What Xi can do to make his mark as a leader

November 04, 2014 09:36
President Xi Jinping will host APEC leaders, including Barack Obama, in Beijing this week. Photo: Reuters

For someone whose public life is an open book, many people are still puzzled by China’s leader Xi Jinping, who became general secretary of the Chinese Communist Party and chairman of the Central Military Commission two years ago.

His third position, that of president, is largely ceremonial. It is his first two hats that give him the enormous powers that he wields. And in the past two years, he has wielded them as no other leader has since the days of Mao Zedong or Deng Xiaoping.

Xi makes no secret of his admiration for Mao, even though his father, Xi Zhongxun, was a victim of Mao’s Cultural Revolution who was rehabilitated after Mao’s death and was eventually elected to the politburo.

It appears that Xi considers himself the third major leader of the People’s Republic of China, following Mao and Deng, the founding father and the chief architect of reforms.

While Xi worked with Hu Jintao and Wen Jiabao while the two men served as president and premier, he apparently feels that they did not provide the strong leadership needed and which he is determined to provide.

In this, he has taken most people by surprise since, before his elevation, there was little inkling of his vision.

Before assuming power in 2012, Xi rose through the ranks. His ties with the military, built when he was personal secretary to Defense Minister Geng Biao from 1979 to 1982 have also helped.

In a straw poll held in 2007 among the close to 300 members of the party’s central committee, Xi received more votes than anyone else, thus putting him in position to succeed Hu.

Hu and his predecessor, Jiang Zemin, were both handpicked by Deng. Before them, Hua Guofeng was Mao’s chosen successful, until he was edged aside by Deng.

Xi is, in fact, the only person since Mao and Deng to become leader largely through his own efforts.

Since 2012, Xi has launched an anti-corruption campaign that has reached into the highest levels of the party and the military. This effort shows no signs of slowing down.

Xi has set an example for others. His father, Xi Zhongxun, had been allocated a house and, after the elder Xi’s death, his widow, Qi Xin, continued to live in it.

Recently, Xi announced that his mother has moved in with him and her house has been returned to the state.

Xi disclosed that, under state regulations, besides his house, his wife, Peng Liyuan, a renowned singer in the People’s Liberation Army, also has her own house. Now, Xi told senior officials, you sort out your own housing affairs.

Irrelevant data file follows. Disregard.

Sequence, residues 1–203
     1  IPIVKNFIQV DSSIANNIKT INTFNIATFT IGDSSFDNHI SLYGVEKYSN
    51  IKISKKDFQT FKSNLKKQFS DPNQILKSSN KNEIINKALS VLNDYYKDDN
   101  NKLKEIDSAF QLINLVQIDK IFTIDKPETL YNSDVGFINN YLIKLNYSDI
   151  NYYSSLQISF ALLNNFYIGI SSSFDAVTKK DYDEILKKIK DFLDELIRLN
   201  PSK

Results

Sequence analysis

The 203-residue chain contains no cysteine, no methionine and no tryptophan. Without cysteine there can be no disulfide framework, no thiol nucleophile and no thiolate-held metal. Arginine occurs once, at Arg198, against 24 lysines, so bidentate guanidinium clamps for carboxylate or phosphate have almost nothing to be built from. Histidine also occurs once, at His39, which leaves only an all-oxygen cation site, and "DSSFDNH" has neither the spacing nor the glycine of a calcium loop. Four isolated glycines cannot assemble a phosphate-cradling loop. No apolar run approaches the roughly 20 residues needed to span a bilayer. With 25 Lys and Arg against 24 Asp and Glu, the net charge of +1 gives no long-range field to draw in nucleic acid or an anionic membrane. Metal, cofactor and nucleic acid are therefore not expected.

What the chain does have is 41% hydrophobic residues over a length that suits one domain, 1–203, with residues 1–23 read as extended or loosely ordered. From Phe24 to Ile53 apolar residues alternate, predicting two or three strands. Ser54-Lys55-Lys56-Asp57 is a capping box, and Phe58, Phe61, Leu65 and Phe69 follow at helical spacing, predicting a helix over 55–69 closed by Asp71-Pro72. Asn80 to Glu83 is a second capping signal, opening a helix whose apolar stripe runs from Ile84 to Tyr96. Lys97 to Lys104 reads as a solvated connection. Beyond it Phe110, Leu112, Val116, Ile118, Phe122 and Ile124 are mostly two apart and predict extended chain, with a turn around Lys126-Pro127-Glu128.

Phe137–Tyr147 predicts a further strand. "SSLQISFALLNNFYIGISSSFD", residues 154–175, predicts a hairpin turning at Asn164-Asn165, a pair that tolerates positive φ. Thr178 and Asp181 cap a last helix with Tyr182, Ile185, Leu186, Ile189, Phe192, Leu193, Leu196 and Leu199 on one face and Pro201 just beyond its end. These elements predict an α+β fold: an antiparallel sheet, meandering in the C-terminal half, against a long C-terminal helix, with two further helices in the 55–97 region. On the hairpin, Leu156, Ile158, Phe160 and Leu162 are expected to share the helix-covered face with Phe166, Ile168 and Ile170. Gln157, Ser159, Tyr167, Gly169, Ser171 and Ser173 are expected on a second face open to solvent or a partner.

Before Xi took office, Bloomberg News ran an article about the wealth of his extended family, which ran into many millions of dollars.

However, the article made it clear that no assets were traced to Xi, his wife or their daughter. Moreover, “there is no indication Xi intervened to advance his relatives’ business transactions, or of any wrongdoing by Xi or his extended family”.

It said that most of the extended Xi family’s assets were owned by Xi’s older sister, Qi Qiaoqiao, her husband Deng Jiagui and Qi’s daughter Zhang Yannan.

Since Xi’s elevation, The New York Times has reported, his sister and her husband have sold hundreds of millions of dollars in investments, apparently reflecting Xi’s attempt to rein in his relatives.

Externally, he is leveraging China’s position in the world. This month, he is hosting the APEC forum and will hold bilateral meetings with key leaders including Barack Obama.

Xi has been concentrating power in his hands and there is apprehension that he might create a personality cult. But by and large, his popularity within the country appears high, boosted by strong feelings of nationalism.

So well is Xi doing that some are suggesting that he need not be bound by term limits, with each leader serving two five-year terms at the most.

Xi will be 69 in 2022 and, it has been suggested, if he is in good health, there is no reason why he should step down.

Asia has seen quite a few dictatorships and, in the Philippines and South Korea, the reaction has been to limit presidents to one term. Not surprisingly, some leaders have toyed with the idea of changing the constitution. Benigno Aquino has just decided, wisely, against it.

It will be in China’s interest if Xi does not let success go to his head and conclude that he is indispensable, and that rules are made for lesser people. By following the rules, Xi will show himself to be a greater leader.

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Frank Ching opened The Wall Street Journal’s Bureau in China in 1979. He is now a Hong Kong-based writer on Chinese affairs.